Saturday, April 16, 2011

Put Up Your Dukes: Mortal Kombat

I like to think I know about a lot of things. I like to think I have good taste in movies, I like to think I know what's going on the world, and sometimes I even like to think that I'm not a jaded cynic who despises how both of the aforementioned subjects have been circling the drain as of late. But if there is certainly one thing I can confidently say I know a thing or two about, it's fighting games. So I've decided to do a little miniseries tracking the fighting games I played, and where I feel that series of games is headed in terms of direction. And we're starting things off with a game I'm sure even the non-video game savvy are sure to recognize: Mortal Kombat.

Now like many a child of my generation, my entrance into the world of fighting games began with a little game you may have heard of called Mortal Kombat. And a simple glance at my background and avatar should be more than enough of a tip off on how much it has affected me. While the gameplay mechanics are simplistic, the story is beyond silly, I still feel that this 2D fighter has an endearing charm to it. I draw an interesting parallel between the Mortal Kombat series and the Star Wars franchise. The original trilogy is praised by nearly everyone who experience them, and then one person in control ended up making the series de-evolve into a generic mess. Plot points were changed and new ones were added, the main character slot shifted over to someone who was originally a villian, it got bogged down with too many unimportant, useless, or irritating characters, and the only way they manage to keep getting fans back for more is with frequent callbacks to the things that made the original works so great. If you have no clue what I'm talking about allot me to illustrate an example:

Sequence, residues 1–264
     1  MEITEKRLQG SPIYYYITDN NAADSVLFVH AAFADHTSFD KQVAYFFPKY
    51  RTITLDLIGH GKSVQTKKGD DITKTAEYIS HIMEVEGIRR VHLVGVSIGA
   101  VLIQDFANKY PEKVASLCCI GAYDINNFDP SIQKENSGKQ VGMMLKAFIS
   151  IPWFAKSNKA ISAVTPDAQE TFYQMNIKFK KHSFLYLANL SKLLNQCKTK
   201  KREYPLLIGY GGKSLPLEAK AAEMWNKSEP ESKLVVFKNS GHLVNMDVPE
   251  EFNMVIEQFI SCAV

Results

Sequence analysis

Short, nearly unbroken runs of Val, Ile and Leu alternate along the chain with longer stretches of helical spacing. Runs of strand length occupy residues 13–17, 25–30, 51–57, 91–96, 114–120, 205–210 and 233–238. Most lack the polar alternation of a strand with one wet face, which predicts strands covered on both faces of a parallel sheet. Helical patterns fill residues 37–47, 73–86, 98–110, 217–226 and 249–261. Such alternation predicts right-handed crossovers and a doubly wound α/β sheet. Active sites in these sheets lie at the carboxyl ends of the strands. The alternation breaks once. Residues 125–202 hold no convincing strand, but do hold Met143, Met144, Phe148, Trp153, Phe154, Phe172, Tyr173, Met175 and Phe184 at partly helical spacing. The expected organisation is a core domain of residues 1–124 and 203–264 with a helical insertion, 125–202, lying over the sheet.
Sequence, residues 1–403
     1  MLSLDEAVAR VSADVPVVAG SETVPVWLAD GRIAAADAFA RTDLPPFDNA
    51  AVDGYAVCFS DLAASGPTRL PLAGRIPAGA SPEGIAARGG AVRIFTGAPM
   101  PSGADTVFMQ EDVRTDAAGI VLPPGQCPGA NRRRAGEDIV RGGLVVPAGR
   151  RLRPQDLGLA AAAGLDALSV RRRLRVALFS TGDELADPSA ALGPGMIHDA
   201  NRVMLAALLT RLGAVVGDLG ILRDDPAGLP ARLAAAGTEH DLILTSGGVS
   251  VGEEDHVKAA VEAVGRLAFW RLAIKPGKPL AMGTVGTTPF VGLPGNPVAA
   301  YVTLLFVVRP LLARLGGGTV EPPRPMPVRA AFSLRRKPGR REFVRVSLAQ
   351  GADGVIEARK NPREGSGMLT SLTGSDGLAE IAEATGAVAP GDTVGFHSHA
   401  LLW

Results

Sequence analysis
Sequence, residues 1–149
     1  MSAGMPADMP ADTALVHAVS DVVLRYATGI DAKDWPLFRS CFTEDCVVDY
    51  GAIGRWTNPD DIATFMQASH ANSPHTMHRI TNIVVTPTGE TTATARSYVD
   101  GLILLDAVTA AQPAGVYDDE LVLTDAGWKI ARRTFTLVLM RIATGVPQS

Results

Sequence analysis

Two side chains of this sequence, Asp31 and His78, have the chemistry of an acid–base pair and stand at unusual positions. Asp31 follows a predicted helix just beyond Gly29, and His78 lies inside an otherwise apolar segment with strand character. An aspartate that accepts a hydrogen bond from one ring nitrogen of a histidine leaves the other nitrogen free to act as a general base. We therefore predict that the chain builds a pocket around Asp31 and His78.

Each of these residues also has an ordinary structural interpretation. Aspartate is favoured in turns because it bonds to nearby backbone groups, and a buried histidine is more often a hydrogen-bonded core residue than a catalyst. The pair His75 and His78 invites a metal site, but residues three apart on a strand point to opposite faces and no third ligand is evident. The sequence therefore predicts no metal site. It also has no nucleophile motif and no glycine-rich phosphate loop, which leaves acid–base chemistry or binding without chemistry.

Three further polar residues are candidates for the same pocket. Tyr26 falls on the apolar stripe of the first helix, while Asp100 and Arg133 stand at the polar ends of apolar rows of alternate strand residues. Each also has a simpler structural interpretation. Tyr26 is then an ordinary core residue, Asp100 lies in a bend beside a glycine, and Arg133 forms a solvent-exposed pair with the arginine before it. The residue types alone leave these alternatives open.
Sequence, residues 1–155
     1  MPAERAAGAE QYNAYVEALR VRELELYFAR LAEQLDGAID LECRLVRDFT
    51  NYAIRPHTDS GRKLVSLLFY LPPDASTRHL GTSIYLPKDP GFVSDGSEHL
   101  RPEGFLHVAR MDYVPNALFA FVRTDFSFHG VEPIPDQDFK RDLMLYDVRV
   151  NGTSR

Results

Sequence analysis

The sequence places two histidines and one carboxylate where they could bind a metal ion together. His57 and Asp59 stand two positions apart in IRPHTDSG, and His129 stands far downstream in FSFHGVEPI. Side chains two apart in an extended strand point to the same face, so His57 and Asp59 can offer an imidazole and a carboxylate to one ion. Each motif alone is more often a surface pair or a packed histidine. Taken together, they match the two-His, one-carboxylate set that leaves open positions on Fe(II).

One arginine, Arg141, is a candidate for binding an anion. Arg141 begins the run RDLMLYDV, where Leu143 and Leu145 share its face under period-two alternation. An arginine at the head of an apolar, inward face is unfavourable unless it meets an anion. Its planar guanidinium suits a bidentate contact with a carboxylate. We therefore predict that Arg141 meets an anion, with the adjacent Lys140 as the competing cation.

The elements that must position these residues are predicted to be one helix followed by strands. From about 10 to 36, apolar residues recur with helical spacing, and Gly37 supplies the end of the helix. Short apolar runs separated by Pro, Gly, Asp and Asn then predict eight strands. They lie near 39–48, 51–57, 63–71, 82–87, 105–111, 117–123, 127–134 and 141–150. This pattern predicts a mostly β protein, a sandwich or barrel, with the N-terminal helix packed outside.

This is one of the more famous levels in Mortal Kombat 2 called The Deadpool. The gimmeck here is that if you put in a certain input into the controller right before you finish your opponent, you get to give them a nice little acid bath. The level itself is simple and iconic.
 They would later try to retool the level in Mortal Kombat Deception, although much more box shaped this time around to accommodate the 3D fighting mechanic. Difference hear is that any time during the match you can just knock your opponent into the acid. Their skeleton bobs up just like it did in Mortal Kombat 2. It even makes the same noise, I shit you not. 

I don't really have a problem with this on it's own, but the gameplay in the Mortal Kombat games has only gotten worse since they ventured into the realm of 3D fighting. And once John Tobias (who along with Ed Boon are responsible for the creation of the MK series) left after Deadly Allience tanked, control and final say on many decisions was given to Ed Boon. Ed Boon then proceeded to run the next following games into the ground, with the clusterfuck that was Mortal Kombat Armageddon, and the infamously bloodless Mortal Kombat vs DC.
However there is hope on the horizon. The new Mortal Kombat game is swiftly approaching, and it not only claims to return to the series 2D roots, but also acts as a reboot of sorts, getting rid of many of the useless characters added in later games. The fighting mechanics also seem to have learned a thing or two from the Street Fighter series, a series I will be covering next. This is a good thing, because the series is finally getting advances in the right direction, and it might soon have merit as a series in the eyes of the fighting game community. But untill the game comes out all we can do is hope

Well, we can certainly try anyways
With love and lacerations , The Brosidon

Thursday, April 7, 2011

My Thoughts on Suckerpunch

What makes a good movie? There are many who believe that cinematic depth is the driving force behind the worth of a movie, while others would argue that all a movie needs to be an astounding experience is to simply be entertaining throughout. While you could argue either side it seems to be a subject more heavily followed by the viewer, you either value depth more or value how much it entertained you. I bring this up because many a critic seem to think Suckerpunch is a movie that tries desperately to appeal to the latter faction of moviegoers and failed miserably in doing so, as well as providing little to no satisfying messages. Put that alongside the rather shallow characters and simplistic plot and it's not that big of a surprise to see why many people are calling Suckerpunch one of the worst movies of the decade.

I am willing to argue that Suckerpunch is not only an extremely entertaining movie, but also one of the more thought provoking movies to come out  in recent years.